By Daniel Wiessner
(Reuters) -The U.S. Department of Labor on Tuesday issued a final rule that will force companies to treat some workers as employees rather than less expensive independent contractors, in a move that has riled business groups and will likely prompt legal challenges.
The rule is widely expected to increase labor costs for businesses in industries that rely on contract labor or freelancers, such as trucking, manufacturing, healthcare and app-based “gig” services.
Most federal and state labor laws, such as those requiring a minimum wage and overtime pay, apply only to a company’s employees. Studies suggest that employees can cost companies up to 30% more than independent contractors.
The rule will require that workers be considered employees rather than contractors when they are “economically dependent” on a company.
It replaces a Trump administration regulation favored by business groups that said workers who own their own businesses or are free to work for competing companies can be treated as contractors.
The new rule adopts a standard that courts have used for years to determine the proper classification of workers. That standard looks at several factors including the degree of control companies exercise over workers and whether the work performed is an integral part of a company’s business.
The Labor Department said it does not expect the rule to lead many companies, let alone entire industries, to reclassify workers. But it will enable more effective enforcement against businesses that purposely misclassify workers to save money, the agency said in the rule.
It does not go as far as wage laws in California and other states that place even greater limitations on independent contracting.
Business groups and Republican lawmakers strongly criticized the rule on Tuesday, saying it will cause millions of workers to lose opportunities to earn money and would create confusion that will spur costly litigation.
U.S. Senator Bill Cassidy, a Republican from Louisiana, said in a statement that he would introduce a resolution to repeal the rule. Cassidy said the rule would bolster labor unions’ efforts to increase their membership, as independent contractors and freelancers cannot join unions.
The rule is set to take effect on March 11.
Acting U.S. Labor Secretary Julie Su during a call with reporters on Monday said the misclassification of workers as contractors rather than employees particularly harms low-income workers who would benefit the most from legal protections such as a minimum wage and unemployment insurance.
“A century of labor protections for working people is premised on the employer-employee relationship,” Su said.
Worker advocates and some Democratic officials praised the rule, saying it was necessary to ensure basic protections for workers.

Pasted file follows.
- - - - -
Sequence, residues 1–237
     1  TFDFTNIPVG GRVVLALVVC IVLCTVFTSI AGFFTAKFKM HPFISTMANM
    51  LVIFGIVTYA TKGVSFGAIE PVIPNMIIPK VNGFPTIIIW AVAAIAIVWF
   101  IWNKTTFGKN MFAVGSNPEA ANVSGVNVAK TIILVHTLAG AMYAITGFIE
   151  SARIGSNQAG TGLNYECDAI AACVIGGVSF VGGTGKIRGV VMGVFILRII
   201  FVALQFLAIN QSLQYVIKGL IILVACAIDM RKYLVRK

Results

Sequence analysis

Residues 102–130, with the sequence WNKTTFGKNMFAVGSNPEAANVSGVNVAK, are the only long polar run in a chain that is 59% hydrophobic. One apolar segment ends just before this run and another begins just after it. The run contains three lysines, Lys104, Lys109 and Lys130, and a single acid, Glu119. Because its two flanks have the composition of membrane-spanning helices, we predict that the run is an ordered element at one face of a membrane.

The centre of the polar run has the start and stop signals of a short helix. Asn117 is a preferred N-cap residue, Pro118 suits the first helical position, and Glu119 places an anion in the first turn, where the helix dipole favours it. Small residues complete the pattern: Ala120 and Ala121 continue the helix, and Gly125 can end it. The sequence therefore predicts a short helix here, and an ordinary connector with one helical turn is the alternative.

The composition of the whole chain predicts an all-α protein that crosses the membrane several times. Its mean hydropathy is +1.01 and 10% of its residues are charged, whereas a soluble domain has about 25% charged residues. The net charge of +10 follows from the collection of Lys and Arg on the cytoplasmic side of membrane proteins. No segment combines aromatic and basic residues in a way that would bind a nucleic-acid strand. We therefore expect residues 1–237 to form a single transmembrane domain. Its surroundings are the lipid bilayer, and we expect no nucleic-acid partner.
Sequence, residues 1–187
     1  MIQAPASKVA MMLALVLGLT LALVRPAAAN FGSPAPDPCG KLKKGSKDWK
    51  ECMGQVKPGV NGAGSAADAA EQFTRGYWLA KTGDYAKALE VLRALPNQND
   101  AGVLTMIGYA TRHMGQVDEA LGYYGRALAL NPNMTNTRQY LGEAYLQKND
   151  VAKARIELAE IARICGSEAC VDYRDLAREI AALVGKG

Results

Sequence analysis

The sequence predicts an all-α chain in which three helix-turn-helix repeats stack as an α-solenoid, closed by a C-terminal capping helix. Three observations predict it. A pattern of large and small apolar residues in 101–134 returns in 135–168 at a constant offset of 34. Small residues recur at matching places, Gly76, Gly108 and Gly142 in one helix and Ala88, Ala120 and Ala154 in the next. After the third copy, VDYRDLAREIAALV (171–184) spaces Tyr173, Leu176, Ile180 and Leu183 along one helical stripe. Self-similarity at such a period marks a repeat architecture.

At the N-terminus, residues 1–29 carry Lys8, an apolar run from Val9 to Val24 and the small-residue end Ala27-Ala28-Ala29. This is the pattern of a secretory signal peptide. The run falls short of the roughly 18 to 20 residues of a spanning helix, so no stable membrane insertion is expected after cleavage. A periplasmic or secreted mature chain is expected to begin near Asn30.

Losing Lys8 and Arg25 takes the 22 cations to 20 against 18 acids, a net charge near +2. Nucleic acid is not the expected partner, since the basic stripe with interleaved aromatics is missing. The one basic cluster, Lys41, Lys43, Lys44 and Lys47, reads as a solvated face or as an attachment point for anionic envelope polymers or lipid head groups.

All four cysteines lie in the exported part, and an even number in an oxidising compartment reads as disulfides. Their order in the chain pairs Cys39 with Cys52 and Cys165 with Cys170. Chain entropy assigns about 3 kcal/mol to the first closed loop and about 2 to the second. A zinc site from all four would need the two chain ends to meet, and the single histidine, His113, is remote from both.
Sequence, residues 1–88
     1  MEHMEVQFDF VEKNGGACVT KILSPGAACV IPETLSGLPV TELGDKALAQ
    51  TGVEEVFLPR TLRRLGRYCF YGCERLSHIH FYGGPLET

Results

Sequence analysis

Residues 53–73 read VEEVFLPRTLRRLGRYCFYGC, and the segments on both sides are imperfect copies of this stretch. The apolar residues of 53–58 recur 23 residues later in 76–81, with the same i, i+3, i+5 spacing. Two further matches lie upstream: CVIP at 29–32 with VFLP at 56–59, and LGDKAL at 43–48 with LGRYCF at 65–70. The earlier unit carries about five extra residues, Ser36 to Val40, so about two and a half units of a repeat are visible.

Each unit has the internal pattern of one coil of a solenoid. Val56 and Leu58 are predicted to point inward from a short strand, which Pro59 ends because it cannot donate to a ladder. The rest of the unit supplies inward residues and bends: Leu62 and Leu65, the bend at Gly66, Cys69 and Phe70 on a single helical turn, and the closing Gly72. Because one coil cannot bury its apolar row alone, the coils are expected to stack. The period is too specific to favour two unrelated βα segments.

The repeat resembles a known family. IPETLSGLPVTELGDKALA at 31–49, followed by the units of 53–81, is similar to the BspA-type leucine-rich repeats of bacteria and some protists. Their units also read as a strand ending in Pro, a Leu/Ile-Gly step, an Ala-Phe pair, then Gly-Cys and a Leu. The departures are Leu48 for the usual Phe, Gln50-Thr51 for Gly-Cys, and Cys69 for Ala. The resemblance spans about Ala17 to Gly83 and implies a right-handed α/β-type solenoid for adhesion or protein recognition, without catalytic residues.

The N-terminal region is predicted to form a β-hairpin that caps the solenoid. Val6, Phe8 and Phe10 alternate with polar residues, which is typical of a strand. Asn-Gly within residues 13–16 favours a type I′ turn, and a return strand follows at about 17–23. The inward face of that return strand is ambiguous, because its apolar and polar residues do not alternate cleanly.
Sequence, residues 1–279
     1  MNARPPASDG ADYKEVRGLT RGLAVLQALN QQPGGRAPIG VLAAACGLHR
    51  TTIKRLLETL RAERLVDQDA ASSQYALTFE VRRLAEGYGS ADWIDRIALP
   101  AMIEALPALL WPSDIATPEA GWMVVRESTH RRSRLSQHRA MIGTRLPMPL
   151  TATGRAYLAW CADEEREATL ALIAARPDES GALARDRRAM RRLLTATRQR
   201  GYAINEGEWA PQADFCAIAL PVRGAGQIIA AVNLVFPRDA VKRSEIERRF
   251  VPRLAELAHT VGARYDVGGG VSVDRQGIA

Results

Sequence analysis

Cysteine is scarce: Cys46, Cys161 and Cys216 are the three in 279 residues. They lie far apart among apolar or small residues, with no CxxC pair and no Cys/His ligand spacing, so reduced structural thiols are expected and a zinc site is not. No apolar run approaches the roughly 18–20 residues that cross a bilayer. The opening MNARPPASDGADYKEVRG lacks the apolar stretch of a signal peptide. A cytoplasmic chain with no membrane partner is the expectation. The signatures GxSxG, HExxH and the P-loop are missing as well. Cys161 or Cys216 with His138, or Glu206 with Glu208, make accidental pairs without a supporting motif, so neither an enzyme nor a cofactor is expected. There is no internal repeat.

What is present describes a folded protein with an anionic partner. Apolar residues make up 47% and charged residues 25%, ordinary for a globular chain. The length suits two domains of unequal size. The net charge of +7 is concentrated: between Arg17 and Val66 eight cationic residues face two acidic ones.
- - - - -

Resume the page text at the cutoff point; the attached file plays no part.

“Worker misclassification also undermines law-abiding businesses that are forced to compete with dishonest employers who use misclassification to unfairly cut down on labor costs,” U.S. Rep. Bobby Scott, a Democrat from Virginia, said in a statement.
But according to some business groups, the rule tips the scales too far in favor of finding that workers are employees rather than contractors, which will deprive millions of workers of flexibility and opportunity.
“Making matters worse, the rule is completely unnecessary, as the Department continues to report success in cracking down on bad actors that are misclassifying workers,” Marc Freedman, vice president at the U.S. Chamber of Commerce, said in a statement. He added that the Chamber, the largest U.S. business group, is considering challenging the rule in court.
POTENTIAL IMPACT ON ‘GIG’ WORKERS
The Labor Department has said the rule was designed to crack down on industries, including construction and healthcare, where misclassification of workers is common. But its potential impact on app-based delivery and ride-hailing services, whose business models depend on contract “gig” labor, has garnered the most attention.
Chamber of Progress, a trade group that represents tech companies, said the rule could impact gig workers depending on how the Labor Department enforces it. Reclassifying independent contractors as companies’ employees would negatively impact an estimated 3.4 million gig workers, resulting in $31 billion in lost income, the group said.
Companies including Uber Technologies and Lyft have expressed concerns about the rule but also have said they do not expect it to lead to their drivers being classified as employees.
Uber, Lyft and DoorDash in separate statements said they did not expect the rule to change the way they do business.
(Reporting by Daniel Wiessner in Albany, New YorkEditing by Alexia Garamfalvi, Chizu Nomiyama and Matthew Lewis)